With all the political news focusing on the UK budget last week, you might have missed some amendments being made to the government’s Levelling Up Bill which will have implications for the construction industry.

Alongside measures that are supposed to help regenerate communities, speed up the delivery of new homes, improve wastewater facilities and give local people a greater say in how their neighbourhood looks, the government have presented what they’re calling BIDEN principles which should be applied to all new developments.

Intrigued as to what this means, we thought we’d find out more and use this week’s blog to explain.

The BIDEN principles

When we heard this term being used, our first thought was this must be somehow related to something that the US President, Joe Biden, once said in relation to building developments.

We were wrong!

In this case, ‘Biden’ is actually an acronym for a set of principles which the Housing Secretary, Michael Gove, says he wants developments in the UK to adhere to. So, that means making sure new developments:

  • are Beautiful,
  • have the right Infrastructure,
  • are Democratically supported by local communities,
  • enhance the Environment,
  • and create better Neighbourhoods.

Housing Minister Lucy Frazer said:

“The measures we are setting out today will put protecting the environment at the heart of our plans, while bringing forward much needed new homes across the country. We will make sure that new development is surrounded by the right infrastructure and that local people are given an opportunity to shape their neighbourhood.” 

Going forwards, the proposed amendments will have an impact on the ways in which builders operate and in what councils and local people can do in relation to planning proposals. Some of the key points include:

  • Tackling ‘land banking’ (where land is acquired for a potential future pay-out rather than for immediate build) as well as slow build-outs by developers to make sure much needed new homes are delivered. In an attempt to achieve this, developers will have to report annually to councils on their progress and councils will have new powers to block planning proposals from builders who have failed to deliver on the same land.
  • Making it a legal obligation for water companies to clean up rivers by upgrading wastewater treatment works (so as to reduce phosphorus loads and nitrogen loads). These upgrades are designed to enable housebuilding to be unlocked by reducing the amount of mitigation developers must provide to offset nutrient pollution.
  • Giving residents a new tool to propose additional development on their street, like extensions to existing homes, through ‘street votes’. Planning permission will only be granted when an independent examiner is satisfied that certain requirements, such as on design, have been met and the proposal is endorsed at a referendum by the immediate community. Another amendment will allow pilot Community Land Auctions – a means of capturing value from land that has been allocated in the development plan for local communities.
  • Enhancing powers for mayors to support them in managing their key route networks and increasing transport connectivity across their area.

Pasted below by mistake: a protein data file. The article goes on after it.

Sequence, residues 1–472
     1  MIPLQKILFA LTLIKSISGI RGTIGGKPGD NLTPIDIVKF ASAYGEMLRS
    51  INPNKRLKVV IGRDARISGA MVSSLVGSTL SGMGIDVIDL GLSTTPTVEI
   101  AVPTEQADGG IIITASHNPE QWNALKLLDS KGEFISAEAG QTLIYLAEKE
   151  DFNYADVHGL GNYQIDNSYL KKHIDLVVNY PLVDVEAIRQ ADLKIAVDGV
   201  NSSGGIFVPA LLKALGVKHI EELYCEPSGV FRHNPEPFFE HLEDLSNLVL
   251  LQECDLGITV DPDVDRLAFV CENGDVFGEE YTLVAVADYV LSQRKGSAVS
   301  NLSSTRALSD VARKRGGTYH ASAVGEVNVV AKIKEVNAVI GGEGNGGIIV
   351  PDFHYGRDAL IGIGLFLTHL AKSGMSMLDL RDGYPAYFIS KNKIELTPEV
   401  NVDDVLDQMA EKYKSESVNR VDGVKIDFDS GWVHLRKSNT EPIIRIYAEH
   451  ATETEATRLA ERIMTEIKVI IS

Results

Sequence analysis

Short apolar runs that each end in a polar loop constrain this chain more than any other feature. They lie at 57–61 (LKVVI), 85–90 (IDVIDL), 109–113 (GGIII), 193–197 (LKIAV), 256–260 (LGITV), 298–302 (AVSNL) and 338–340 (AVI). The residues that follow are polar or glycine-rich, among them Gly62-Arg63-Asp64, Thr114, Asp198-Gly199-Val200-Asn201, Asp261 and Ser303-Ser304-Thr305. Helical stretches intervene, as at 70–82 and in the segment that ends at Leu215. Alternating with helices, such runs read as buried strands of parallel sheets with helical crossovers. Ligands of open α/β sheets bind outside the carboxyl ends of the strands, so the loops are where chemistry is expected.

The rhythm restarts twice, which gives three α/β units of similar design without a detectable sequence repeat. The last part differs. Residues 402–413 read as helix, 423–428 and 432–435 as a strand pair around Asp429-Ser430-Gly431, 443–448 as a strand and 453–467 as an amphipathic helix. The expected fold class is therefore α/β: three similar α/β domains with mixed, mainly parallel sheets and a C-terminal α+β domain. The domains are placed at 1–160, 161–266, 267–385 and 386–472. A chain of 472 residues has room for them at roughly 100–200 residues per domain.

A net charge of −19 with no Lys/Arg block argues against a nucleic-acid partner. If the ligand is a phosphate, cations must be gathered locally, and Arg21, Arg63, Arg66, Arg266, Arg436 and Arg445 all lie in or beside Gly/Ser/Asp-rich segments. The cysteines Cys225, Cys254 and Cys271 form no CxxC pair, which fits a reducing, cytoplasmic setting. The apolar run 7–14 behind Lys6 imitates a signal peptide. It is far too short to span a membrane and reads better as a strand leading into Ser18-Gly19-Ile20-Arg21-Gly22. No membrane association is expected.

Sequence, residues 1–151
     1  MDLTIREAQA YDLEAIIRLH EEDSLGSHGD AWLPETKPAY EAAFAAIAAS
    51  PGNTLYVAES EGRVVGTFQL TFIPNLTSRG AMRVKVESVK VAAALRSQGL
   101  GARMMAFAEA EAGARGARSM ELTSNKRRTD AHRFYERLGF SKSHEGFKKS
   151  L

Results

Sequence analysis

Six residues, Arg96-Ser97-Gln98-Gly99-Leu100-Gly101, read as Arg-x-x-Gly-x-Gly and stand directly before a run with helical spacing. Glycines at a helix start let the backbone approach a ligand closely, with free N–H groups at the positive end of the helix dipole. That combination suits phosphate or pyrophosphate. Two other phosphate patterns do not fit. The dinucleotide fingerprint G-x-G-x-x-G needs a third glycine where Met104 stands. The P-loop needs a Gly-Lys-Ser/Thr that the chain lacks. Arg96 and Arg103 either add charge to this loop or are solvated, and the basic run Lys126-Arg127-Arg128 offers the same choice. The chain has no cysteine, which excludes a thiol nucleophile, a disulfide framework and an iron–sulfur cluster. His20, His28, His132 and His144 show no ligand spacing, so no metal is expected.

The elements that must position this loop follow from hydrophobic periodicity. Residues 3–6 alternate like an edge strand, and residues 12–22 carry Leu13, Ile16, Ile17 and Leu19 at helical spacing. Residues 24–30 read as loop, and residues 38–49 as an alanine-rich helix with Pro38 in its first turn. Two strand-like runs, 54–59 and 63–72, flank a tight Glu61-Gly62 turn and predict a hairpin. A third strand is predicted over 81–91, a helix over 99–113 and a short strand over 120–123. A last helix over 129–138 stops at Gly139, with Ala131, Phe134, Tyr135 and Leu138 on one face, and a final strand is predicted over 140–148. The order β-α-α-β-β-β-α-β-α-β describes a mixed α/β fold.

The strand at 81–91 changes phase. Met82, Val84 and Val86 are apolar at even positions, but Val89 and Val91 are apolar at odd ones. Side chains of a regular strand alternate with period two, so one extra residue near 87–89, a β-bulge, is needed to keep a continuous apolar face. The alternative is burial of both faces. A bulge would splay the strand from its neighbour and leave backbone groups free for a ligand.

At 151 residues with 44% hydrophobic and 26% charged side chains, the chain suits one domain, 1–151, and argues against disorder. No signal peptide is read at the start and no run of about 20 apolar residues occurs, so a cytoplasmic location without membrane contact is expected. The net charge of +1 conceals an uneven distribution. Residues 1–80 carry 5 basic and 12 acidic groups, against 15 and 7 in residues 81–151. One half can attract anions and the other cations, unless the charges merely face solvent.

• Helping nationally significant infrastructure projects such as wind farms and new major transport links be delivered more quickly, by enabling a small number of public bodies to charge for their statutory services to help them provide better, reliable, quality advice to developers and support faster planning decisions.

Response from the industry

Some of these proposals have been cautiously welcomed by those in the construction industry, for example, the measures designed to address water quality which is thought to be holding up over 100,000 houses in the planning pipeline across England.

However, many feel the measures are insufficient, because they do not tackle the problems that developers are facing right now. Some experts also question the assumptions that house builders are ‘land banking’ and claim that giving councils new powers to block planning for builders who have failed to deliver on the same land will just create more barriers rather than speed up the delivery of new homes.

A spokesperson for the Home Builders Federation commented: 

“Repeated independent investigations have concluded that house builders do not land bank. Having invested in land and spent often hundreds of thousands of pounds securing planning permission, builders are always keen to get on site as soon as possible and get a return on this investment but there are many influences over how quickly a site can be built out.

“In an increasingly challenging operating environment, made worse by the implications of the disastrous mini budget, ministers should be working with industry and providing it with confidence to invest in sites, not erecting more barriers.”

What do you think?

Will these measures help to regenerate left-behind communities? Will they help to create neighbourhoods where people thrive? Will they speed up or slow down the delivery of new homes? We’d love to hear what you think so share your views on the BIDEN principles and other proposals outlined above.  Comment over on our Facebook or LinkedIn pages.


Feature image: stockphotomania/Shutterstock.com